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Mercedes C320 CDI diesel raises the bar

The Mercedes-Benz C320 leaves the already top-notch C-Classes for dead, although the cabin doesn't seem worth the price tag.

Until the appearance of the W204 generation last year, it was more or less accepted wisdom that if you fancied yourself behind the wheel then Stuggart's C car couldn't trouble Munich's 3 car in the gratification stakes.

It could well be that the latter would still outshine the former on the skidpan or in the moose test. In the real world the C-Class has forged ahead. If a large chunk of the difference is attributable to the singular unsuitability of BMW's rigid run-flat tyres to the wretched roads of the so-called Premier State, the dynamic poise and competence of the Merc cannot be underestimated.

And if the lesser C-Classes equal or shade the comparable 3 Series in most respects — not least in sheer daily liveability — the C320 CDI beats 'em hollow. The economy and general eco-niceness of the best turbo diesels ought not come as hot news. What might raise eyebrows — what indeed had mine vainly searching for a hairline — is that this turbo diesel is a fine sporting sedan, one that does what it does in a manner that's more or less peerless.

Into a C-Class that's already a dynamic leap over the previous generation has been placed a V6 turbo diesel found elsewhere in a two-tonne SUV, imbuing this 1700kg sedan with torque not far short of a Holden V8.

The zero to 100km/h run-time is listed at 7.7 seconds — half a second slower than the V6 petrol C280 — but this barely hints at the impact of the diesel's mid-range punch.

A sublime freeway cruiser (of course), on regional roads the Merc is majestic. Such is the extent of the C320's ability to carry speed into and through corners; that a glance at the speedometer can be disconcerting.

Like the brilliantly sorted device it is, it seldom feels to be travelling at the rate indicated. The very same mid-corner bumps that have undone European cars of a sporting bent see the Mercedes roll on as though it were a native son. Direct and sniper-accurate steering is to some extent belied by the lightness of feel, but there's neither the sometimes tiresome heaviness of the 3 Series at low speed or the vagueness of an Audi.

That characteristic hesitancy of diesels when getting off the line is less pronounced in the Merc than in any of the dozens of oilers we've sampled. Stomping the accelerator on a loose surface prompts the deftest electronic intervention; the ESP is as confidence enhancing, in its way as the brakes. When the ABS threshold is breached in a simulated emergency at 110km/h, the Merc stops with exceptional adroitness.

Mercedes's 7G-Tronic automatic transmission marries blissfully to this powertrain. Seldom will you feel the need to engage the gearshift's manual mode. Low-rev diesel rattle aside, the running is as silent as you've every right to expect from this marque.

Indeed, when the diesel is audible its note is, if anything, preferable to the uninspiring monotone of its petrol V6 sibling. That's just one respect in which the diesel is superior; economy is, naturally, the foremost. And this need not be sacrificed at the altar of enjoyment; even with a prolonged period of pushing on, the official figure for combined cycle consumption was exceeded by the narrowest of margins over the entire journey.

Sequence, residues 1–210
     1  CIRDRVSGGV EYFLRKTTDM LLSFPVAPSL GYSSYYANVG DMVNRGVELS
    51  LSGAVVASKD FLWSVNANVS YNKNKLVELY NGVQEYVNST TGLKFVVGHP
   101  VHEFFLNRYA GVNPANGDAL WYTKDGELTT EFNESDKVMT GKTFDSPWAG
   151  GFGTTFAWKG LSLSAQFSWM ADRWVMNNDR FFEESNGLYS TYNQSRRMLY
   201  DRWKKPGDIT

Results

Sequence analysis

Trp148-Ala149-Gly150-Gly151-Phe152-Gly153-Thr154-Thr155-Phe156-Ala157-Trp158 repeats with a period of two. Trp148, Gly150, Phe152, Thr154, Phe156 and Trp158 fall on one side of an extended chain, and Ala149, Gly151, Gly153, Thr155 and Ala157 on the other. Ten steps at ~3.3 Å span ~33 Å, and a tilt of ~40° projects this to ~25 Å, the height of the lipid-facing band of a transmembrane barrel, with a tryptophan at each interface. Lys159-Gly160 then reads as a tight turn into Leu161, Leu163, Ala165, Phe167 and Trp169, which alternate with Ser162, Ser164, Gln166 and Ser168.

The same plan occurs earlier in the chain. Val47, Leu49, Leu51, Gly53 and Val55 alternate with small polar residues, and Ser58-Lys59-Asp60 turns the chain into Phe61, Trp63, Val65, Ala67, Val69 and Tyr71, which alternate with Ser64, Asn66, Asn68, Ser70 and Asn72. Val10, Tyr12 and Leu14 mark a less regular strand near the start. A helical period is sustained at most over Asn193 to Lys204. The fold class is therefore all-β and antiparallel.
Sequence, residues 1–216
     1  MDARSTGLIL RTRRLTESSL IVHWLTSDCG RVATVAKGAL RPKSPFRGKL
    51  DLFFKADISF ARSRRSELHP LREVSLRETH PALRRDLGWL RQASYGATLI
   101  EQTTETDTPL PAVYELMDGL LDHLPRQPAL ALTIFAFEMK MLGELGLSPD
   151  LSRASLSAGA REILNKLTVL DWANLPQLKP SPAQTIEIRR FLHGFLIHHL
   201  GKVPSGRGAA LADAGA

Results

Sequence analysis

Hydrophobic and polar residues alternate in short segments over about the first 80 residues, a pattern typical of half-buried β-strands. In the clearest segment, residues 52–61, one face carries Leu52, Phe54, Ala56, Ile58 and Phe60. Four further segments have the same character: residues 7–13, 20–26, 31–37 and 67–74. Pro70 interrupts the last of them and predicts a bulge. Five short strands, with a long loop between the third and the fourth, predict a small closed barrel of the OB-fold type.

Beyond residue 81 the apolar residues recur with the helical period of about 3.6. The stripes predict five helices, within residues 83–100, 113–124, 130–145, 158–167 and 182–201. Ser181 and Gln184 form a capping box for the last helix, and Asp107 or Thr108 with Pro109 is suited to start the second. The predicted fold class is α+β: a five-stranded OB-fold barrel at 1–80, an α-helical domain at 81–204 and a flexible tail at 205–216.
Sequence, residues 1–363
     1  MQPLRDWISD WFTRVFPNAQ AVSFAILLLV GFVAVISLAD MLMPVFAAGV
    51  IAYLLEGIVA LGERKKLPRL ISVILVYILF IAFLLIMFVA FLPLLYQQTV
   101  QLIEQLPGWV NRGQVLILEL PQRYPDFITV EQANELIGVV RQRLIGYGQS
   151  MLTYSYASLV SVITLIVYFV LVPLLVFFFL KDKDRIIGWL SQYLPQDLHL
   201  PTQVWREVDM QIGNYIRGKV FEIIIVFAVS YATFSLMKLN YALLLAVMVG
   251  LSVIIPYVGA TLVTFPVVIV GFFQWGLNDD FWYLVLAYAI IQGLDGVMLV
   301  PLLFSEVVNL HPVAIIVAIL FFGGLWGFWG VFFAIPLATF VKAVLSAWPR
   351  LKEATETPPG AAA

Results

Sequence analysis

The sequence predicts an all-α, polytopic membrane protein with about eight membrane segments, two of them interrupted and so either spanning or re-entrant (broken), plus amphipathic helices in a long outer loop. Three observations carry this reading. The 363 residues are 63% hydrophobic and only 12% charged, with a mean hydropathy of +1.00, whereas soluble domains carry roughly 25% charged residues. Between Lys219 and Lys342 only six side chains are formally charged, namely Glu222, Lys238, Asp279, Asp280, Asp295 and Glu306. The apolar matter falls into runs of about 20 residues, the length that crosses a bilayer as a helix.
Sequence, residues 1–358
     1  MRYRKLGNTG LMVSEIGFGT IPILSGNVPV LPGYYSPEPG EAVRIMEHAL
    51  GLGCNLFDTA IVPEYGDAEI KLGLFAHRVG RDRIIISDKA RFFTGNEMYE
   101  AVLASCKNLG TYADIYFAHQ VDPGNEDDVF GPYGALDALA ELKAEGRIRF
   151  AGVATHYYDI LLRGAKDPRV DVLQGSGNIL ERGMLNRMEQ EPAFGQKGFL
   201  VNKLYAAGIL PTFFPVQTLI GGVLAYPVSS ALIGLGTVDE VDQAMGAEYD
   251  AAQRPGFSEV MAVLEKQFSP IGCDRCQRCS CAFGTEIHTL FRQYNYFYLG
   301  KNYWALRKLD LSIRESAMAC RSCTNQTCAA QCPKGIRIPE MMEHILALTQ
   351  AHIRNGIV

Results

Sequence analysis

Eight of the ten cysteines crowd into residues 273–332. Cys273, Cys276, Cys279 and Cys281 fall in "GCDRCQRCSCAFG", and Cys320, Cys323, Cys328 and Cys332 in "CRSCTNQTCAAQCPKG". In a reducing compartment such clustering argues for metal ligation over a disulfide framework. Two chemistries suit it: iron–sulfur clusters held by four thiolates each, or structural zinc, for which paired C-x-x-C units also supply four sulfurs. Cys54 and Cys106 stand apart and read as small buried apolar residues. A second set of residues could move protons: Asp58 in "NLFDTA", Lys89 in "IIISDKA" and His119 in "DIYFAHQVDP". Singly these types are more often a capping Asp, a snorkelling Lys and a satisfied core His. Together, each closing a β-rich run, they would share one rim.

In the struggle to find substantive criticism, we're pretty much confined to repeating those made previously; that the cabin doesn't seem near $100,000 worth; that $100,000 is the least you'll pay once you touch the options list; $100,000 is just too expensive. And, for a sedan — albeit one of compact dimensions — rear seat accommodation is not generous.

The exterior look is either the more traditional Elegance (the fabled tristar sits atop the bonnet lip) or Avantgarde (it's plastered over the grille a la the SLK). The latter is meant to be the “sportier” and in this iteration of C-Class, it does not flatter to deceive.

A caveat comes from a colleague who would be hard put to justify the massive premium over the lesser C220 CDI ($60,300). Another is adamant that the ultimate C-Class oiler is not the equal of BMW's 335d twin-turbo diesel.

But the latter isn't available here, and surely wouldn't be bought at the C 320's price, and — on the basis of its otherwise excellent petrol sibling — just couldn't deal with the same stretches of pitted and pockmarked bitumen that the Merc consumes with an inspired combination of compliance and aggression.

Hence the list of ostensible rivals presented page right is fairly flattering to them. The Audi, whose fine drivetrain and class-leading interior makes it the most convincing of the current A4 range, is due for imminent replacement and in any case cannot approach the dynamics of the rear-wheel-drive Mercedes. It's difficult to see how the new versions, due from April, will drastically change that.

The Chrysler runs a version of the Merc's engine, but its visual statement and one-dimensional drive character belong to boulevard cruising. And despite its own beaut engine, this holds true for the outgoing S-Type.


The bottom line

If the C320 isn't perfect, it is peerless.



Mercedes-Benz C320 CDI

price: $93,800

engine: 3L/V6 turbo diesel; 165kW/510Nm

economy: 7.7L/100km

transmission: 7-speed auto; RWD


The rivals


price: $86,700

engine: 3L/V6 turbo diesel; 171kW/450Nm

economy: 8.4L/100km

transmission: 6-speed auto; AWD


Chrysler 300C CRD

price: $57,990

engine: 3L/V6 turbo diesel; 160kW/510Nm

economy: 8.2L/100km

transmission: 5-speed auto; RWD


Jaguar S-TYPE 2.7 DIESEL

price: $103,990

engine: 2.7L/V6 turbo diesel; 152kW/435Nm

economy: 8.1L/100km

transmission: 6-speed auto; RWD


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